Following a year of impressive gains, how can investors prepare for success in 2020?
Mark Dowding, Chief Investment Officer at BlueBay Asset Management talks us through the key macro points to watch and shares three investment tips for the year ahead.
Following a year of impressive gains, how can investors prepare for success in 2020? Mark Dowding, Chief Investment Officer at BlueBay Asset Management talks us through the key macro points to watch and shares three investment tips for the year ahead.
We believe that the US can deliver growth above 2% in 2020. We see no evidence of the economy being late cycle or at risk of recession any time soon, based on domestic fundamentals.
Typically, recessions occur in a cycle following a period of restrictive monetary policy, which is enacted in response to signs of an economy overheating and inflation pressures rising.
For now, we’re pondering whether this cycle can continue to run and defy the doom and gloom predictions!
In Europe, we anticipate that forward-looking growth indicators could lift in the next couple of months, but stronger growth may require additional stimulus to come from a more expansive fiscal policy.
Only Germany is inching in this direction given its stubborn desire to deliver a balanced budget. Consequently, it is hard to see much growth momentum building.
We continue to expect further UK fiscal easing. Allied to a likely bounce in confidence following the comprehensive Tory win, we see the UK economic outlook improving in the next few months and believe that the Bank of England is unlikely to lower rates.
In the US, we anticipate monetary policy remaining on-hold in 2020, with the next move – whenever it comes – likely to be upward.
We predict that Treasuries will trade in a range between 1.6% and 2.3% in the months ahead, with a bias towards the top end of this range later in 2020.
Eurozone interest rates could remain stuck at current levels for a long time, potentially acting as an anchor to Bund yields.
We are very sceptical that a comprehensive deal will get done by the end of next year. Nevertheless, it seems sensible to set a deadline in order to increase pressure for progress to be made.
If an agreement has not been reached by December 2020, it will be easy for UK laws to be amended to lengthen the transition process, averting a new cliff-edge ‘no deal’ scenario.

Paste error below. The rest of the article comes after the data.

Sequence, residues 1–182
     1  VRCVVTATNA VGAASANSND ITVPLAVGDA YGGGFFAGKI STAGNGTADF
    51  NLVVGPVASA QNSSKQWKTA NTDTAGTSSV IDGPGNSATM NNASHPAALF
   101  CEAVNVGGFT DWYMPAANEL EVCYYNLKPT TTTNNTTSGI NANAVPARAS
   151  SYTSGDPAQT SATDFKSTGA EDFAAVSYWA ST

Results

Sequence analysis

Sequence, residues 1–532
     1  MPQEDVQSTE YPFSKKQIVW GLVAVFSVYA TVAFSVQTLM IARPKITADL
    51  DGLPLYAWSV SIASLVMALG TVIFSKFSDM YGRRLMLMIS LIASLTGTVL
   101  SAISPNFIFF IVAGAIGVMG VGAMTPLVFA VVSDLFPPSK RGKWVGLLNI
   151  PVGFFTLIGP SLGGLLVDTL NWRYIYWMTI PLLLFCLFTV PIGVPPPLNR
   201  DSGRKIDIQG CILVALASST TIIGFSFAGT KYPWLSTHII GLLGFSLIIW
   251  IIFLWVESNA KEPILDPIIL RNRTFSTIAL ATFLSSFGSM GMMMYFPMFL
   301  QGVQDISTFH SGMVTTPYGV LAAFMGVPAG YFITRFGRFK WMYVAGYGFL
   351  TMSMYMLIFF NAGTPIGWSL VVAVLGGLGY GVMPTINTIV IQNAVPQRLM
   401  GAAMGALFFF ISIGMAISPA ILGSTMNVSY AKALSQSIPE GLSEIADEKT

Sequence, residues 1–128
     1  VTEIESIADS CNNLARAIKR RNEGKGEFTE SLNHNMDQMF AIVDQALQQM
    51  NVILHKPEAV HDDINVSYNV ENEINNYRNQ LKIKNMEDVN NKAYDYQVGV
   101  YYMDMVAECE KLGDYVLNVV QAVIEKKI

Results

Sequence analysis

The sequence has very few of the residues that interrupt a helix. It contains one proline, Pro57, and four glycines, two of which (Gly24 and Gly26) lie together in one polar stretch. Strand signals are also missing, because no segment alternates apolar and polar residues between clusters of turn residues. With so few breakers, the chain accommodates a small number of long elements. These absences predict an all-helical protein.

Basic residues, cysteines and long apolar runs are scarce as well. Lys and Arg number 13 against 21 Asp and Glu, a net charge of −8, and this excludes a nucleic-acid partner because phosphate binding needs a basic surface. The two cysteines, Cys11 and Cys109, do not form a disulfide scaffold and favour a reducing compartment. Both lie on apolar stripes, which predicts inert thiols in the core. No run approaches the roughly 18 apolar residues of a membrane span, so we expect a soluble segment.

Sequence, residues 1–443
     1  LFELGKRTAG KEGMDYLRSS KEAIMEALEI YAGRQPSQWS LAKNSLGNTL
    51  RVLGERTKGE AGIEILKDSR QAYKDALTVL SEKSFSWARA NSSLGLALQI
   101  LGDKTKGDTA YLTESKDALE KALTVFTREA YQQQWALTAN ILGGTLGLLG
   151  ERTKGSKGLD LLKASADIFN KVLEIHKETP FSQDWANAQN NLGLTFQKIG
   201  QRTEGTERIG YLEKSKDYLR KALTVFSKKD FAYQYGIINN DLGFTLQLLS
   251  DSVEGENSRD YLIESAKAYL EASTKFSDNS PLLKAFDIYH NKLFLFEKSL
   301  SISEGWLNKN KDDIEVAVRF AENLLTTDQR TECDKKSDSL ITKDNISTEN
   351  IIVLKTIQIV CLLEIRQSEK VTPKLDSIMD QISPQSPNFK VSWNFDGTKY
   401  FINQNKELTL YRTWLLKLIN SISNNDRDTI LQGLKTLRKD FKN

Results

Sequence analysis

However, close monitoring will be required and it will be interesting spending time with European policymakers in the coming few weeks to discern the attitude in Berlin and Brussels now that any hopes of ‘remain’ have been extinguished.
On emerging markets
The emerging market (EM) landscape looks set to be heterogeneous in 2020, with the return backdrop likely characterised by contributors and detractors.
While the macro environment is broadly supportive, we note significant domestic economic challenges in countries like Turkey and South Africa. Elsewhere, political challenges may continue to impact the performance of Latin American assets.
Currency carry trading was the winning theme of 2019 whereby traders borrow a currency that has a low interest rate and then use that money to buy another currency that has the potential to pay a higher interest rate. This trade largely worked last year with the top-performing currencies all being the high yielders, at a time when G7 FX volatility remained very low and markets lacked direction.
This backdrop may persist for the time being, though we can see more opportunities for relative value trades in areas like EM, given divergent fundamentals and a clearer distinction between winners and losers.
Against this backdrop, how can investors maximise their chances of investment success in 2020?
- Be vigilant – don’t underestimate the benign backdrop.
- Prepare to navigate volatility spikes – we’re predicting periods of calm punctuated by rapid fluctuations.
- Don’t chase price action – be disciplined and stick to selling during strength and buying into dips.